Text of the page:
EU halts work on digital levy to boost chance of global corporation tax deal

Commission makes formal announcement ahead of meetings with US treasury secretary Janet Yellen

US treasury secretary Janet Yellen is meeting  European Commission President Ursula von der Leyen and European Central Bank chief Christine Lagarde, before joining the Eurogroup meeting of finance ministers. Photograph: Andrea Merola/EPA

US treasury secretary Janet Yellen is meeting European Commission President Ursula von der Leyen and European Central Bank chief Christine Lagarde, before joining the Eurogroup meeting of finance ministers. Photograph: Andrea Merola/EPA

 

The European Commission announced on Monday that it has halted work on a proposed digital tax in a bid to increase the chances of reaching a global accord on corporation tax, expected to squeeze Irish revenues.

It followed the endorsement of a global minimum 15 per cent corporation tax rate by G20 finance ministers in Venice, and as US treasury secretary Janet Yellen visited Brussels to pressure the EU to shelve its digital levy.

“The G20 endorsed a historic agreement this weekend in Venice to create a more stable and fairer international tax system, which addresses the tax challenges arising from the digitalisation of the economy,” a European Commission spokesman Dan Ferrie said.

“This was an extraordinary result after years of negotiations, and one for which the Commission has worked tirelessly.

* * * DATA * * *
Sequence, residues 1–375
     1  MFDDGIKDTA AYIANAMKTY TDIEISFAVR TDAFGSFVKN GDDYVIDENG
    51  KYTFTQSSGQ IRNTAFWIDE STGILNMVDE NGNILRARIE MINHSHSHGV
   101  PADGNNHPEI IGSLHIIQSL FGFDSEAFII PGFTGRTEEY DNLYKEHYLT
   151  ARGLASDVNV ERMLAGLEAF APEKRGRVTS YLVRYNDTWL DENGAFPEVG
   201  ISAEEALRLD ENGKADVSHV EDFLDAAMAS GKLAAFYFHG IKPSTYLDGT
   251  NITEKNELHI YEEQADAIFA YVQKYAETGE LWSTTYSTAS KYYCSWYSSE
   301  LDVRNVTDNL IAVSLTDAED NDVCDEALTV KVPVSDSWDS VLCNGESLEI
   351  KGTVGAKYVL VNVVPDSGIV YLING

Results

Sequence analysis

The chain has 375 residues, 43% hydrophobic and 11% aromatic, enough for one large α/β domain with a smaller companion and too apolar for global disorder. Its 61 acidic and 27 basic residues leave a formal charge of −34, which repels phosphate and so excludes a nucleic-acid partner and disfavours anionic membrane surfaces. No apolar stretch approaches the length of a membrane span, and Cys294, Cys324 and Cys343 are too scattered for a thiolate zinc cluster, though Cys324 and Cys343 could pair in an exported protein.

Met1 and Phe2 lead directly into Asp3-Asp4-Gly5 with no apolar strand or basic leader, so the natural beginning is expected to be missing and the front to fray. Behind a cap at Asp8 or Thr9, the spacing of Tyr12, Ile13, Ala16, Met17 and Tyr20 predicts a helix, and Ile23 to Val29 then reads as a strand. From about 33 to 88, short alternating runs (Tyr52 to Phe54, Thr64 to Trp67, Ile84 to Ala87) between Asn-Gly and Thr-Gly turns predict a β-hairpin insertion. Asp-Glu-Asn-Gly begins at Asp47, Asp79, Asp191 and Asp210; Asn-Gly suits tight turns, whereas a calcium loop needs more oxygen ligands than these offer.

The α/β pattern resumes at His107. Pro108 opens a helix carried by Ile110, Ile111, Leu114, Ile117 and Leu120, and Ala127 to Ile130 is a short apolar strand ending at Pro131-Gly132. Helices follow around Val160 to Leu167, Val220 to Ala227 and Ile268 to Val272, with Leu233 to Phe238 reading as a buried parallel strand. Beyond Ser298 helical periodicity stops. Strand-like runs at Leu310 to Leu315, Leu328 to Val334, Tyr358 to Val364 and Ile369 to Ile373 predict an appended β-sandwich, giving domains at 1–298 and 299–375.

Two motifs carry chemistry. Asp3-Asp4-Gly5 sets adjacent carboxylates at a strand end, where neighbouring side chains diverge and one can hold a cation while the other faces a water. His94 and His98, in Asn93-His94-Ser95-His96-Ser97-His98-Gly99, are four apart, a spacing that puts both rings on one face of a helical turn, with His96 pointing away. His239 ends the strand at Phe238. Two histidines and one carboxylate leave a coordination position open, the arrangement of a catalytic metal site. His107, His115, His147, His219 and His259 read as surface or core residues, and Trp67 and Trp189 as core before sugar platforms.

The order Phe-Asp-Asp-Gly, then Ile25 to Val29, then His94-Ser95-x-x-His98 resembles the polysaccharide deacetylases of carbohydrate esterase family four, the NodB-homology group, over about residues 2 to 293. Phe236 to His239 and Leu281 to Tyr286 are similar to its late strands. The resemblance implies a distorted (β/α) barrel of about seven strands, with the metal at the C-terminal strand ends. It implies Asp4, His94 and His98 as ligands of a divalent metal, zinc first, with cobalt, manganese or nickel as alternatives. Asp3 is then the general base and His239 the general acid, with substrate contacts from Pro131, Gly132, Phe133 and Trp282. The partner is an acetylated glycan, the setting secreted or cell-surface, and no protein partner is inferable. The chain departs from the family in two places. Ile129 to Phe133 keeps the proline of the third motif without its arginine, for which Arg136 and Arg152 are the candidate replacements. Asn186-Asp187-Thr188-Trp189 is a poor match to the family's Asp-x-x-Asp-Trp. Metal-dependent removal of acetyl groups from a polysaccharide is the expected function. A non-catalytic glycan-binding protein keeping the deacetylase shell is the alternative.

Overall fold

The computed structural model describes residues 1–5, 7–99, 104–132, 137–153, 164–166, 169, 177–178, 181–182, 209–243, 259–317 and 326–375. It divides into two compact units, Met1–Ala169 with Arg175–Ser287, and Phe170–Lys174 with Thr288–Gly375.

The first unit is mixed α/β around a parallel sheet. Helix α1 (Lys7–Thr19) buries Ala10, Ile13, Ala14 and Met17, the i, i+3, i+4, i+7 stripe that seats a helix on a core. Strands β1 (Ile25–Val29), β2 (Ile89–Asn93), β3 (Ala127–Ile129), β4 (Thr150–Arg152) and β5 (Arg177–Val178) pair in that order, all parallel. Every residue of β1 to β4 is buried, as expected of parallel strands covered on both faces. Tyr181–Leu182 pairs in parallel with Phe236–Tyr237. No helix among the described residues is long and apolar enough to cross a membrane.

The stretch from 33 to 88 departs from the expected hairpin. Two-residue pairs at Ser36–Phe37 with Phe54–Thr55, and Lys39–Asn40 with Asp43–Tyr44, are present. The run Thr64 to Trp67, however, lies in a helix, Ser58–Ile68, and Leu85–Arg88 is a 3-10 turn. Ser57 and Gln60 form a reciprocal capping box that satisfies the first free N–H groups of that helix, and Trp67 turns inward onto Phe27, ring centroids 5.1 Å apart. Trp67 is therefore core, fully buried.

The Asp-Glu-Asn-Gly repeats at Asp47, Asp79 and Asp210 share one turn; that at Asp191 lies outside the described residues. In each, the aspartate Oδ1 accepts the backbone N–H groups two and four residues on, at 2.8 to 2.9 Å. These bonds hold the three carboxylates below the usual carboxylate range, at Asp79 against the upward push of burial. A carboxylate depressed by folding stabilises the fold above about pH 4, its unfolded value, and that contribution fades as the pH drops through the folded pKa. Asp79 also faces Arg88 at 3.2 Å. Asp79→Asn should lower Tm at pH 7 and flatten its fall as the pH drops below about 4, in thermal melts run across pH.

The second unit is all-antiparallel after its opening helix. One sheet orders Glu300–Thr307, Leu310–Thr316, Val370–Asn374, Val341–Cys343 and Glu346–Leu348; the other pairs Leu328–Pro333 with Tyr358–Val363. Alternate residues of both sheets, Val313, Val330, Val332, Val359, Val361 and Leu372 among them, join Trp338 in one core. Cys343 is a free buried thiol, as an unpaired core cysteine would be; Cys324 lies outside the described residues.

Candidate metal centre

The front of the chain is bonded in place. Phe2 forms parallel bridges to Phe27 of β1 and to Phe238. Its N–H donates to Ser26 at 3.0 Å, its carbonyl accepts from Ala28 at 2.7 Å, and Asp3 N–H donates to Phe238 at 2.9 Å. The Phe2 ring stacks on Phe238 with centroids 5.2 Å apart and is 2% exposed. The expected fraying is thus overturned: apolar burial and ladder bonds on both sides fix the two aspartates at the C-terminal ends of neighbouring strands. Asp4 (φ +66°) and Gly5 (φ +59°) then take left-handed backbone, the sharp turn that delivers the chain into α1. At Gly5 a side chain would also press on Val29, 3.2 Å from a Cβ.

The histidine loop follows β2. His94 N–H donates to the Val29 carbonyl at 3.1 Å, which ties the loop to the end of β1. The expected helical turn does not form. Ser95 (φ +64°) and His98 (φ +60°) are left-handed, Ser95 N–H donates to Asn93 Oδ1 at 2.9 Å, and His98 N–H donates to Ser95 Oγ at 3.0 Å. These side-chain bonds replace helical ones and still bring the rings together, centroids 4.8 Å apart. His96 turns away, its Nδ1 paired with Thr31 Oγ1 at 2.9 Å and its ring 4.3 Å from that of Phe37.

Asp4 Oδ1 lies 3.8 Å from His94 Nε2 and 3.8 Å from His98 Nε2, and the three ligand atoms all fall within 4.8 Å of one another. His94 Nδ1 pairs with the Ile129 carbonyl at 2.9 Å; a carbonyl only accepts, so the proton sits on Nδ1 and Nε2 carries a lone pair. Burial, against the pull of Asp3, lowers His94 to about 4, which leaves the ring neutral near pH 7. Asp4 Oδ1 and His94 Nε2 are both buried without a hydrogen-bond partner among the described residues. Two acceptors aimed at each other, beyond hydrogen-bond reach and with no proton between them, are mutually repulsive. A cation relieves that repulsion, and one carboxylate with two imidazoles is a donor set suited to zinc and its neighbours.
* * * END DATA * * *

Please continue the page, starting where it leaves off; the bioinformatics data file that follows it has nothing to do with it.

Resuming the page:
“Successfully concluding this process will require a final effort from all parties, and the Commission is committed to focusing on that effort. For this reason, we have decided to put on hold our work on a proposal for a digital levy as a new EU own resource during this period.”

Timetable

The G20 agreement consolidated an earlier accord reached by the G7 group of wealthy countries, and set a timetable for finalising reform plans through the OECD by October.

Dr Yellen meets Minister for Finance Paschal Donohoe as president of the Eurogroup on Monday, where she is expected to explain that an EU digital tax would make it more difficult for a global taxation agreement to pass through the US Congress.

She is set to meet European Commission President Ursula von der Leyen and European Central Bank chief Christine Lagarde, before joining the meeting of finance ministers.

“We will be reviewing the cooperation that is there between Europe and America and looking at how we can work together to build an even safer and more prosperous future,” Mr Donohoe said ahead of the meeting.

The European Commission had initially been set to unveil plans for the digital tax this week. The measure was endorsed by EU leaders last year as a way to pay down its joint EU borrowing undertaken to fund a €750 billion Covid-19 stimulus fund.

Washington has long been wary of levies that it fears could be aimed at carving out a slice of tax revenues from its multinational tech giants. Brussels has stressed that the tax would be aimed more broadly at digital operations.

Ireland is among a handful of holdout countries including Hungary and Estonia resisting momentum towards an international deal on corporation tax, which Mr Donohoe has warned could cost the State as much as a fifth of its annual tax revenue from companies.

As the G20 signed off on the proposals this weekend, Dr Yellen said the US would try to address the concerns of hesitant countries but that a deal could go ahead regardless of some opposition.

“It’s not essential that every country be on board,” she said. “The world is ready to end the global race to the bottom on corporate taxation, and there’s broad consensus about how to do it – with a global minimum tax of at least 15 per cent.”